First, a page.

Concluding Thoughts For Chapter 2

Here are the concluding thoughts from chapter 2 of my book Unapologetic: Why Philosophy of Religion Must End:

        Anselm of Canterbury’s key theological contributions for philosophical theology highlight what reasonable people see as the need for philosophy of religion to end. He holds a preeminent place among the best philosophical theologians the church ever produced. And yet, as we’ve seen, even among one the best of the best there’s nothing here but rhetoric without substance based on his faith, and the social climate of his day. His best contributions didn’t solve anything. Almost no one accepts his atonement theory today. His idiosyncratic perfect being conception was based on nothing more than special pleading on behalf of his parochial western concept of god. His ontological argument does not work either. Further, we’ve found that when Anselm’s perfect being is compared to the biblical god Yahweh and his supposed son, it doesn’t make any sense nor can it be reconciled. So the only reason to study Anselm seems to be one of historical curiosity. Anselm’s key contributions did not advance anything since we are no closer at getting to objective knowledge about anything than we would be if he never wrote a thing. When it came to the history of philosophy he made no contributions that furthered understanding, the very thing he sought to do.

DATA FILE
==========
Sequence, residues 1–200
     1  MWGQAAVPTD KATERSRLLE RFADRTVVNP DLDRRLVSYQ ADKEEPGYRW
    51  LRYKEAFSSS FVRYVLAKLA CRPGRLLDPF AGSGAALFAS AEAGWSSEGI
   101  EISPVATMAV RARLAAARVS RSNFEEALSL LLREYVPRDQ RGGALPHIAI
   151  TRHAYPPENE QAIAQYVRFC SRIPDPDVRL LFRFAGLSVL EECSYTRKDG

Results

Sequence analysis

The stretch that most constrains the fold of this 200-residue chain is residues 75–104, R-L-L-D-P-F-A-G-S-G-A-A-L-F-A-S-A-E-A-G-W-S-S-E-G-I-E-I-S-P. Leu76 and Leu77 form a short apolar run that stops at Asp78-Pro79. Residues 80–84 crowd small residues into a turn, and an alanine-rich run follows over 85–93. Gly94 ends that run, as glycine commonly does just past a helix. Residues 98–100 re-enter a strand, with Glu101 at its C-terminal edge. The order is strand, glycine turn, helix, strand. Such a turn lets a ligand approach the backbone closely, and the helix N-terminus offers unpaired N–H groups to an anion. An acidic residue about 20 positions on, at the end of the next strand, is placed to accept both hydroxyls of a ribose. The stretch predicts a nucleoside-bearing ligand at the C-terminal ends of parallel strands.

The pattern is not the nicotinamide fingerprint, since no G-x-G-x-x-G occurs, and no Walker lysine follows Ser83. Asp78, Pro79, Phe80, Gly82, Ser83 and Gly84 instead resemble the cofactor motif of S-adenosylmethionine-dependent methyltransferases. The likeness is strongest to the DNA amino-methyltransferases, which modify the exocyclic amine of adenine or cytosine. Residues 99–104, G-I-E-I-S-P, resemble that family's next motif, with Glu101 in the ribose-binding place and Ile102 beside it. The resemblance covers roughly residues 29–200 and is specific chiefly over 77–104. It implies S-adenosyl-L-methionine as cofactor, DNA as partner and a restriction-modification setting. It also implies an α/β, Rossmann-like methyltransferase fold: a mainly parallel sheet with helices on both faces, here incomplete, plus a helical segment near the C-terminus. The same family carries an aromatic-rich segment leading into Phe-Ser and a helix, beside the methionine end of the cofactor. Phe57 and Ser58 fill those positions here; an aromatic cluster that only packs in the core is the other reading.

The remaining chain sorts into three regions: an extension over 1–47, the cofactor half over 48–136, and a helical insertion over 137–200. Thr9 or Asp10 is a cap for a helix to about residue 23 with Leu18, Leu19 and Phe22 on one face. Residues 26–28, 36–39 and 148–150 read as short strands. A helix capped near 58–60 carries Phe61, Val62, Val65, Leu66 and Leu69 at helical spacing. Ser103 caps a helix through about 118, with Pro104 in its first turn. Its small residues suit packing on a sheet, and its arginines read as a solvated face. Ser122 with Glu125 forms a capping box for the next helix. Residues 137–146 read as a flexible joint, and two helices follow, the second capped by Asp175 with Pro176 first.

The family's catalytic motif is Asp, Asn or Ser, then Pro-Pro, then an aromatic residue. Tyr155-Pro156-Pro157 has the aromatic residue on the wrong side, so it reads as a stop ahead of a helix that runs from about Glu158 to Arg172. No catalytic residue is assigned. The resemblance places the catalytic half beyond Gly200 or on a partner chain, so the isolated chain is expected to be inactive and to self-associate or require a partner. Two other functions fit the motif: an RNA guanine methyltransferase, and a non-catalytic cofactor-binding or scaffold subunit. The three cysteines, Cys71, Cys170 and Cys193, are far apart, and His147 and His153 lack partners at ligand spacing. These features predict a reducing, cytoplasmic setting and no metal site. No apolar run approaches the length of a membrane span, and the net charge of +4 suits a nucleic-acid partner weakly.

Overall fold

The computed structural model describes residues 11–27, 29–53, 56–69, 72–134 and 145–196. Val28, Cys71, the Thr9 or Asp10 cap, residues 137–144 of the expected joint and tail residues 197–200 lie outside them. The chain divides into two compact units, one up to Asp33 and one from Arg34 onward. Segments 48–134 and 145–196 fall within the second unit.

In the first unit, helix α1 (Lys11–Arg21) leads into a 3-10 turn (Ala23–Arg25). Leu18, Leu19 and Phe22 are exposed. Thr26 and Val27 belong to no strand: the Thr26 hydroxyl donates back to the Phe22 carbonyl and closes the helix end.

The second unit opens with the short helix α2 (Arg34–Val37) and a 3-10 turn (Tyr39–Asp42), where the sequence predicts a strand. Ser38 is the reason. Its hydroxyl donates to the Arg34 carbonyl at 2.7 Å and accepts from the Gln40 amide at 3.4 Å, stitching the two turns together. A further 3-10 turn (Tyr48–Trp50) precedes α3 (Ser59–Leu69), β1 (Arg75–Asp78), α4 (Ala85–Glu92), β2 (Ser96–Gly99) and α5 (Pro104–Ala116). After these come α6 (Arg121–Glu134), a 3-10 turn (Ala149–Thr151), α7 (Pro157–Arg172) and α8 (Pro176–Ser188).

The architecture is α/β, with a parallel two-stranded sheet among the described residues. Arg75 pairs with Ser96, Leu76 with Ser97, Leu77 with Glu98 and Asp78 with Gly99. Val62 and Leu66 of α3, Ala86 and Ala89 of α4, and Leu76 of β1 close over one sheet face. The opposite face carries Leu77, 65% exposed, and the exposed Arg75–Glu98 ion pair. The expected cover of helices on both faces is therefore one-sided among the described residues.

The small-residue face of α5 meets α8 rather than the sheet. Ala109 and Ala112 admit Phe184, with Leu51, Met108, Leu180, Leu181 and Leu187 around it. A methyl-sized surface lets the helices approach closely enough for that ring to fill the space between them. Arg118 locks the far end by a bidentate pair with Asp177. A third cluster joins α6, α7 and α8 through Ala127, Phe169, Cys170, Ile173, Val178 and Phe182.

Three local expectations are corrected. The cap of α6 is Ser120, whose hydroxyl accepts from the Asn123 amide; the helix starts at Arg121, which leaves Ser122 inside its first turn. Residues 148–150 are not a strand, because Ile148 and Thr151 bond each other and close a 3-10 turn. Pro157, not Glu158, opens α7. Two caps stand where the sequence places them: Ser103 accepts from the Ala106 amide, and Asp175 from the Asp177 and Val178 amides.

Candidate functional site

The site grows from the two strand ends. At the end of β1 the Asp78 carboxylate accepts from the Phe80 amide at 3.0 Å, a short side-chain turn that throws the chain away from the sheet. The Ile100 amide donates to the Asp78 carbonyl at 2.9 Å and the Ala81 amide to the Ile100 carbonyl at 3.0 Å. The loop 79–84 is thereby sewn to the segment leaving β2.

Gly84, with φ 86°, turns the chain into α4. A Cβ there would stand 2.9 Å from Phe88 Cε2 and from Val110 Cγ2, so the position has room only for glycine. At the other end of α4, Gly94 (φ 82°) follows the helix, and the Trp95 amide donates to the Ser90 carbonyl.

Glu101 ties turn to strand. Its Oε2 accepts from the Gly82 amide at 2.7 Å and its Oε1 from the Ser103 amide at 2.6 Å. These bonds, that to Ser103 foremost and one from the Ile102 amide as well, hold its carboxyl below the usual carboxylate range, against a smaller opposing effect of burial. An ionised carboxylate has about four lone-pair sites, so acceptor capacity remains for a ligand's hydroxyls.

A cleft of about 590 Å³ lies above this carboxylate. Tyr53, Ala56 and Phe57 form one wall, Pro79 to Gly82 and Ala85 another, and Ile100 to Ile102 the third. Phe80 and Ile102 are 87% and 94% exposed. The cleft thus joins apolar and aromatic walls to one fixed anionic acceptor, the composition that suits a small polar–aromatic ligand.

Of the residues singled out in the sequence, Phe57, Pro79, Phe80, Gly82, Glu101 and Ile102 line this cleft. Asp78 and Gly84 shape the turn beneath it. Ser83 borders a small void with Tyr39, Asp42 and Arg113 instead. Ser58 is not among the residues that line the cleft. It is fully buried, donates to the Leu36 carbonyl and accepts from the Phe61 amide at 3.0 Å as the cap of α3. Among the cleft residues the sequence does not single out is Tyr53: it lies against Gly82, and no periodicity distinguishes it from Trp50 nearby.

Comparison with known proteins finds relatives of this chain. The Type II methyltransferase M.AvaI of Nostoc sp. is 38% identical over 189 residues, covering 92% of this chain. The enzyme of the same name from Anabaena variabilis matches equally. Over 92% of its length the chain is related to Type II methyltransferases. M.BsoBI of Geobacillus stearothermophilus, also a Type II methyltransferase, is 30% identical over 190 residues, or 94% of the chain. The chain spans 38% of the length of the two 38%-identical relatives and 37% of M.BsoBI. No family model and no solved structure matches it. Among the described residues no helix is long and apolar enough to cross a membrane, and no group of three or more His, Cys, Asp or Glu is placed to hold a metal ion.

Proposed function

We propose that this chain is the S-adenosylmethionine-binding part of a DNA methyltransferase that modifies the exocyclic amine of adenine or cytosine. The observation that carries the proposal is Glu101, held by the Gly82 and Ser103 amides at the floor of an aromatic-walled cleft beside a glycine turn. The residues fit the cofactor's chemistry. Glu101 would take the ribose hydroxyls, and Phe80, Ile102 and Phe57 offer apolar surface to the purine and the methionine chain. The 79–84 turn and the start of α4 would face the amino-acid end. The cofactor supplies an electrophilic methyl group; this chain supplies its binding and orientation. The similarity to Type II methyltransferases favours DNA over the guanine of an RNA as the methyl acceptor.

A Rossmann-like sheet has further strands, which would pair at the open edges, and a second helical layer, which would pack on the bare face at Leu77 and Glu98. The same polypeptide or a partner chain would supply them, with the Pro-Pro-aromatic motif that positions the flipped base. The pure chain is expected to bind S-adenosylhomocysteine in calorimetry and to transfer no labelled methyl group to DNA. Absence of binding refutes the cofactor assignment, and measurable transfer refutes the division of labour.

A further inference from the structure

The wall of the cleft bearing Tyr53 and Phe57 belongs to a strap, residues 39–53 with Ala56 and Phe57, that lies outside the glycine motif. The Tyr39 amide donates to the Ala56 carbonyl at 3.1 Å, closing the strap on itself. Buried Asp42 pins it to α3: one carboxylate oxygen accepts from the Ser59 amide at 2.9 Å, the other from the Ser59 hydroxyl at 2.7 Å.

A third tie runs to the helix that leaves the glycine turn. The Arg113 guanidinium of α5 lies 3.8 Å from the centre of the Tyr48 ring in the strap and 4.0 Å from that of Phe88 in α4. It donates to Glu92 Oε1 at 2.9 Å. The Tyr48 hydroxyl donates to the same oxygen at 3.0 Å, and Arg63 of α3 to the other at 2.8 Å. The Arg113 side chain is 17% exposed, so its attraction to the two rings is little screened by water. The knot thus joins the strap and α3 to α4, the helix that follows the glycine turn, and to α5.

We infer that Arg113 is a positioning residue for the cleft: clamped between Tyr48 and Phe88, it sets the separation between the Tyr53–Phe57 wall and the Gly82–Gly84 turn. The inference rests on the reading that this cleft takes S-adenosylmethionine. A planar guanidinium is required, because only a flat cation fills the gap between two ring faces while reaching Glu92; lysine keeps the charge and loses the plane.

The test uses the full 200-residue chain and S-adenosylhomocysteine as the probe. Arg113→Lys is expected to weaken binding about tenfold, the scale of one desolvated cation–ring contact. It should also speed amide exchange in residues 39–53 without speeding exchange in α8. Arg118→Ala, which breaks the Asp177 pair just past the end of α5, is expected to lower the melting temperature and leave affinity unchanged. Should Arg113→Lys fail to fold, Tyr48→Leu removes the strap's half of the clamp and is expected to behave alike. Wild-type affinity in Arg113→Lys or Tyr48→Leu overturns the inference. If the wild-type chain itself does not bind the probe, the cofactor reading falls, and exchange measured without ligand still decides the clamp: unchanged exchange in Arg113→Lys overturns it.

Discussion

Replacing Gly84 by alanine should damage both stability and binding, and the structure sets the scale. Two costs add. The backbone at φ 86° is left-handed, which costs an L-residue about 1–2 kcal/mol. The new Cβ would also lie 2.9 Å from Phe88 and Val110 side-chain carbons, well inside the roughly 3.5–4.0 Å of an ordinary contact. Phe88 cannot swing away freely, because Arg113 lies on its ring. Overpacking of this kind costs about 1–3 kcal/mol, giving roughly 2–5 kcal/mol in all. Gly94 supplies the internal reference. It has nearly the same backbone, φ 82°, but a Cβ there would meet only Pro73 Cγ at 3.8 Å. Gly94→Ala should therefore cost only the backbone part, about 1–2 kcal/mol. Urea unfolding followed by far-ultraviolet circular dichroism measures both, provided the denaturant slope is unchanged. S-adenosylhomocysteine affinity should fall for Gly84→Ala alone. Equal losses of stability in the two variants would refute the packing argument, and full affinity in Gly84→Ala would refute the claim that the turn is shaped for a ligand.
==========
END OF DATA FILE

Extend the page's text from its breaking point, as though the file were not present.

Karl Barth, considered one of the greatest theologians of the last century who rejected natural theology with a big fat “Nein”, argued Anselm’s ontological argument was based in a faith seeking understanding, not one that leads to any logical conclusion that his God existed. Anselm did not seek to “prove” the truth of the Christian faith, Barth argued, but to understand it.[i] Anselm’s ontological argument for God’s existence in chapter 2 of the Proslogion, comes after asking God for help in understand his faith in chapter 1. There he prays, “I do not seek to understand that I may believe, but I believe in order to understand. For this also I believe, – that unless I believed, I should not understand.” Then just before developing the argument in chapter 2 Anselm prays, “Lord, do you, who do give understanding to faith, give me, so far as you know it to be profitable, to understand that you are as we believe; and that you are that which we believe.” So while there is disagreement about what he was doing, Anselm at least tacitly acknowledges his argument comes from faith rather than leading to faith. And that’s exactly what we find. The ontological argument depends on his Christian faith which seeks to understand what he already believes about his parochial god. There’s a recognized informal fallacy here. It’s called special pleading. 
          Philosophers of religion who have dealt with Anselm’s argument and developed their own versions of it, such as Norman Malcolm, Charles Hartshorne and Alvin Plantinga should take note. They don’t know their own theology. Or, perhaps more correctly and importantly, they fail to realize that they’re doing the same thing Anselm honestly admitted doing, special pleading
What we’re led to conclude is that the problem of philosophical theology stems from faith. If faith is trust then there is no reason to trust faith. Anything based on faith has lower probabilities to it by definition. Christian pseudo-philosophers do no more than build intellectual castles in the sky without any solid grounding to them. There doesn’t seem to be any good principled reason for not getting fed up with the pretend game of faith with its ever receding theology.  

[i] Karl Barth, Faith Seeking Understanding: An Introduction to Christian Theology (Grand Rapids: Wm. B. Eerdmans, 1991), p.14.